So, Wilson was wrong about the capitalist system not being able to narrow the income inequality gap in the 20th century as his progressive followers are today by preaching a $15 mandated wage minimum without a commensurate increase in skill sets.

Let’s fast-forward to today and replace Morgan, Carnegie, and Ford with Jeff Bezos, Warren Buffett, and Bill Gates, among the wealthiest people in the world. These 21st-century capitalists did not increase their wealth on the backs of working people like Carl and Rose. Their wealth came from the world recognizing the value of their innovations and increased their stock prices just like the capitalists of the 20th century.

I remember when Amazon stock was $35 per share in 2005 and Bezos left a six-figure job on Wall Street to pursue his dream of helping consumers purchase items more conveniently. He could have gone bust and no one would have shed a tear for him.

Amazon’s stock price is over $3,000 today. Now, grandparents and parents have to teach their children that they too can have the American Dream if they want to work for it.

Our workers need to constantly increase their skill-set. Their efforts will not be hindered by the people at the top of the income spectrum but actually enhanced by those innovators by providing job opportunities that workers can grow into.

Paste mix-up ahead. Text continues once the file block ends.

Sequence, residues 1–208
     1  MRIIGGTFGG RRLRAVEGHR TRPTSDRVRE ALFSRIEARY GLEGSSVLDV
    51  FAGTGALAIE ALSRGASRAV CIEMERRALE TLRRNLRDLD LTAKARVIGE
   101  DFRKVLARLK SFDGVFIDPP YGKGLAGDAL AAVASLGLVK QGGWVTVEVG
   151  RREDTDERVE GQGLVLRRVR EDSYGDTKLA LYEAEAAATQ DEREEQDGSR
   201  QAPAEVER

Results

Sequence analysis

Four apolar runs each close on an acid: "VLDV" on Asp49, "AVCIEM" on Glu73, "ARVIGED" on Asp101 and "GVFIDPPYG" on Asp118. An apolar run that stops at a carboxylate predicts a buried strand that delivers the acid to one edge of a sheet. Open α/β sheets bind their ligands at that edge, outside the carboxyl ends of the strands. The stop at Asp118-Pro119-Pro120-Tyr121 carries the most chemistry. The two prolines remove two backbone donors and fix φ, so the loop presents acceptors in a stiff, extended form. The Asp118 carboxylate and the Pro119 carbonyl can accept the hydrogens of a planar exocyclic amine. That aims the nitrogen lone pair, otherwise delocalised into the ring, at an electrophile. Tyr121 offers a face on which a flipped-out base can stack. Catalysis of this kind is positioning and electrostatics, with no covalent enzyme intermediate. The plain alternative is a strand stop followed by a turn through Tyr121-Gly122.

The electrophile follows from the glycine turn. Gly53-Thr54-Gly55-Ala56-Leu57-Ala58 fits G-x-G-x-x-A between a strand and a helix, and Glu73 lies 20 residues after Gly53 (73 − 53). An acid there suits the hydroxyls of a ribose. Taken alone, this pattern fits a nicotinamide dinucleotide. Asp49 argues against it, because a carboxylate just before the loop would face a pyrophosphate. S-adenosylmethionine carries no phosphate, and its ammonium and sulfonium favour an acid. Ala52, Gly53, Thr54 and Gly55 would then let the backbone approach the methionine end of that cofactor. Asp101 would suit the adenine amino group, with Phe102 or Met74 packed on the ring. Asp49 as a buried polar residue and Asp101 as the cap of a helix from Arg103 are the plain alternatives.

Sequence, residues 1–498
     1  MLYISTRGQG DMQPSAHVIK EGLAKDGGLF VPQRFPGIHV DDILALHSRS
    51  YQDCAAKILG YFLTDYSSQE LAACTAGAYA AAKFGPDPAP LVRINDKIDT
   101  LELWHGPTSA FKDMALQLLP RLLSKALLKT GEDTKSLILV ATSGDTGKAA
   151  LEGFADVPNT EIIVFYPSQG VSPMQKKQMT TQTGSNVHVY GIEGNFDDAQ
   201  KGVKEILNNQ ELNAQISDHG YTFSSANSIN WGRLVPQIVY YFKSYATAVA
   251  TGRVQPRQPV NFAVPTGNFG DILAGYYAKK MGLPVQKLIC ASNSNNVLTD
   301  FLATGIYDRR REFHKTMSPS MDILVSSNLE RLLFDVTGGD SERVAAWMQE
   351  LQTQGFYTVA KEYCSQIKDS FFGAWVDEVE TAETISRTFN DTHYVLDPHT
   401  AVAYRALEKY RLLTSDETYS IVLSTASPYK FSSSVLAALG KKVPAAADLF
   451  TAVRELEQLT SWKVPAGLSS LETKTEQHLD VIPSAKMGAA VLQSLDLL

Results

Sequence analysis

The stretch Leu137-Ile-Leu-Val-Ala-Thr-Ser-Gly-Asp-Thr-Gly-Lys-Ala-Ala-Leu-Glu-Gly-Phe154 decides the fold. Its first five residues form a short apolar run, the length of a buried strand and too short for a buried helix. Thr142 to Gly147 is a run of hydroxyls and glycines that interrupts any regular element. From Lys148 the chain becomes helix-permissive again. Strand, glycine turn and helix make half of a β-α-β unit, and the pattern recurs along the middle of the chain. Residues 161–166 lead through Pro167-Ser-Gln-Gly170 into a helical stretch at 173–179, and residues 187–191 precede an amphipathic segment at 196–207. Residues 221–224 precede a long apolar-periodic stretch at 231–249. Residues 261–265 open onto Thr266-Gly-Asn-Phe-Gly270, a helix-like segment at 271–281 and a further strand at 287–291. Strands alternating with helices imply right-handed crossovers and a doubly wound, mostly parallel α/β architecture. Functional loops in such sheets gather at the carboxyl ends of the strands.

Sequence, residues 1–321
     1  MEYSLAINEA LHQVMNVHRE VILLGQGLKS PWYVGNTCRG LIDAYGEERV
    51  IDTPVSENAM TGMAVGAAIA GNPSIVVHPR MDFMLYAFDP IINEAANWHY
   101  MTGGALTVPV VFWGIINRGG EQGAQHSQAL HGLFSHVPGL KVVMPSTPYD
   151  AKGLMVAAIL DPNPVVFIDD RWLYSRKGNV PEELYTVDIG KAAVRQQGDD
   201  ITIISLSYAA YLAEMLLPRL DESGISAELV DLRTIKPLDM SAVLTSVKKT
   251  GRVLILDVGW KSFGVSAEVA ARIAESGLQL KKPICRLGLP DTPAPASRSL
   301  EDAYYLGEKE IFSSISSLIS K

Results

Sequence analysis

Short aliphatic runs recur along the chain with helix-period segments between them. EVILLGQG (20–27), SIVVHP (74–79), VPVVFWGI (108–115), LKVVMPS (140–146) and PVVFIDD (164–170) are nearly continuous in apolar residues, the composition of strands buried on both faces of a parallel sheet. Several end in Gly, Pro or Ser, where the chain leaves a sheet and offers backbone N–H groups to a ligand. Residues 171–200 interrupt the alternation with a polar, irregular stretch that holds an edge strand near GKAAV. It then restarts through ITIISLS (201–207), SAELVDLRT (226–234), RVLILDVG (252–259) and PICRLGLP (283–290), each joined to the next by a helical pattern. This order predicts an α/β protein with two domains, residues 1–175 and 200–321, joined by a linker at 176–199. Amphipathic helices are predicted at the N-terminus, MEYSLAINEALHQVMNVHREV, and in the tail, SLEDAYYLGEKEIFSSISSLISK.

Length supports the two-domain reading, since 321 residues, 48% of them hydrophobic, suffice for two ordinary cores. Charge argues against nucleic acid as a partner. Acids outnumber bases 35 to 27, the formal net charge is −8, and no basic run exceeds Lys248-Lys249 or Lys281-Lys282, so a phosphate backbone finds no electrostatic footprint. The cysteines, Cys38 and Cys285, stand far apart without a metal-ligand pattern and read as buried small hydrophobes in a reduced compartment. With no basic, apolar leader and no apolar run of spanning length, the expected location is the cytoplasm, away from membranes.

The American Dream is theirs for the taking. If we buy into the program of the “progressives” and mandate $15 per hour minimum wages for all workers, these progressives will play right into the hands of the largest corporation like Wal-Mart, Amazon, and McDonald’s. These companies have finances that can handle a $15 minimum wage. But their smaller competitors may only be able to pay $10 to $12 per hour wages. These big companies would love this mandate because the government will then eliminate the smaller competitors and further increase big companies’ wealth by putting smaller competitors out of business.

This is what known as “crony capitalism,” where the progressives will enact legislation that favors the big corporation over the small ones.

Wilson was wrong 100 years ago when he thought that if he took from Morgan, Carnegie, and Ford and gave it to the workers at the lower end of the income spectrum, then he could close the income inequality gap.

His progressive followers are as wrong today by taking that same argument and applying it to the situation today.

This is not progressive thinking; it is regressive thinking.

We need to teach our children the same thinking of Carl and Rose and encourage our children to increase their skill sets. By increasing their skills, workers today can have the American Dream without having to deal with the folks at the top end of the spectrum.

I know the story of Carl and Rose is true because they were my parents, and they taught me and my sister how to achieve the American Dream.

I passed that teaching on to my children. I hope you do likewise.

(Joseph Mendola lives in Warner.)